In the above-described embodiments, the loudspeaker blocks are divided into respective channels for the multi-channel audio source. Hereafter, a description will be given of an example in which the one channel is divided into frequency bands, and the loudspeaker blocks are divided for the respective frequency bands as well.

FIG. 6 shows an example in which the loudspeaker array is constructed by loudspeaker rows arranged in two stages in the zigzag form. As shown in the part (B) of the drawing, the following loudspeaker blocks are set in this loudspeaker array by the audio signal processing unit, and signals of different channels and frequency bands are respectively assigned to them. The center channel C is assigned to a loudspeaker block B41 having as its block the entire loudspeaker array. A high range Lh for the left channel is assigned to a loudspeaker block B42 having as its block the left half portion (two rows) of the loudspeaker array. A low range Ll for the left channel is assigned to a loudspeaker block B43 having as its block the upper loudspeaker row. A high range Rh for the right channel is assigned to a loudspeaker block B44 having as its block the right half portion (two rows) of the loudspeaker array. A low range Rl for the right channel is assigned to a loudspeaker block B45 having as its block the lower loudspeaker row.

Thus, the loudspeaker blocks each having as its block the entire single loudspeaker row are assigned to low range signals, while the loudspeaker blocks each having as its block the half of the two loudspeaker rows are assigned to high range signals. Therefore, low range signals can be outputted from the loudspeaker blocks having a long array width and a wide pitch (loudspeaker interval), and high range signals can be outputted from the loudspeaker blocks having a short array width and a short pitch (using two rows). Consequently, it is possible to eliminate the grating lobe in the high range and alleviate the difference in the directivity characteristics between the high range and the low range.

In addition, in a case where a sound beam is formed by using the loudspeaker array (loud speaker blocks), it is necessary to apply a window function (a Hanning window, a Hamming window, etc.) for allowing the power to decrease from the center toward the end portion so as to alleviate the nonsteadiness of the directivity characteristics.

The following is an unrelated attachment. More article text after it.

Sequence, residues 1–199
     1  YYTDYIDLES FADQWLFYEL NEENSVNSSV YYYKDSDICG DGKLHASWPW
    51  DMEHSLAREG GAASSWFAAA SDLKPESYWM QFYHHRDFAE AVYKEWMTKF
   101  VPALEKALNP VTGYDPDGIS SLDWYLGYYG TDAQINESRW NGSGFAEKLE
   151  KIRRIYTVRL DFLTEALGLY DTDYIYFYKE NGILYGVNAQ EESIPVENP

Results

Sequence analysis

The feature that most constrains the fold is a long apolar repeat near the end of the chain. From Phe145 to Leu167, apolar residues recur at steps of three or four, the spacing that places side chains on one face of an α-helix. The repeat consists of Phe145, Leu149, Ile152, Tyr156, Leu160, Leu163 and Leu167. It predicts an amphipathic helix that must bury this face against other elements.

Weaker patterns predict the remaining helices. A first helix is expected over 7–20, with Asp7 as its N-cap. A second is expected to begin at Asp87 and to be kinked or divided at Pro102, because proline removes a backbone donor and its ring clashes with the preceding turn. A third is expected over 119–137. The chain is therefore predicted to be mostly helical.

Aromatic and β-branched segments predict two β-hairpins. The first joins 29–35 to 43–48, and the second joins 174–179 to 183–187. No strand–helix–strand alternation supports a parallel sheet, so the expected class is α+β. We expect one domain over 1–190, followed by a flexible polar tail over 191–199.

In the example of this drawing, the loudspeaker block for the low range and the center channel uses the entire width of the loudspeaker array, the value of the window function becomes maximal in the central portion of the loudspeaker array. On the other hand, as for the loudspeaker block for the high range, since it is formed by being split into the left and right at the center of the loudspeaker array, the center of the loudspeaker array becomes the end portion of the loudspeaker block, and the value of the window function becomes minimal. If these signals are synthesized, the distribution of the values of the window function is dispersed, and the power is not concentrated in the central portion, so that the power can be dispersed to the entire loudspeaker array, thereby making it possible to obtain a high output as a whole.

In addition FIG. 7 shows an example in which the loudspeaker array is arranged in three stages in the zigzag form in the same way as FIG. 5. In this loudspeaker array, as shown in the part (B) of the drawing, a loudspeaker block B51 having as its block the second-stage (central) loudspeaker row, a loudspeaker block B52 having as its block the left half portion of two loudspeaker rows in the first and second rows, a loudspeaker block B53 having as its block the first-stage (upper-stage) loudspeaker row, a loudspeaker block B54 having as its block the right half portion of the two loudspeaker rows in the second and third stages, and a loudspeaker block B55 having as its block the third-stage (lower-stage) loudspeaker row are formed by the audio signal processing unit. The center channel C is assigned to the loudspeaker block B51. The high range Lh for the left channel is assigned to the loudspeaker block B52. The low range Ll for the left channel is assigned to the loudspeaker block B33. The high range Rh for the right channel is assigned to the loud speaker block B54. The low range Rl for the right channel is assigned to the loudspeaker block B55. According to this configuration, it is possible to attain output power which is approximately 1.5 times higher than the two-stage configuration shown in FIG. 6.

Since the loudspeaker blocks are arranged in rows, and the array loudspeaker is constructed by a combination thereof as in the above-described examples, it is possible to attain an arbitrary optimal output power while retaining the characteristics of the line array which is efficient in practical use.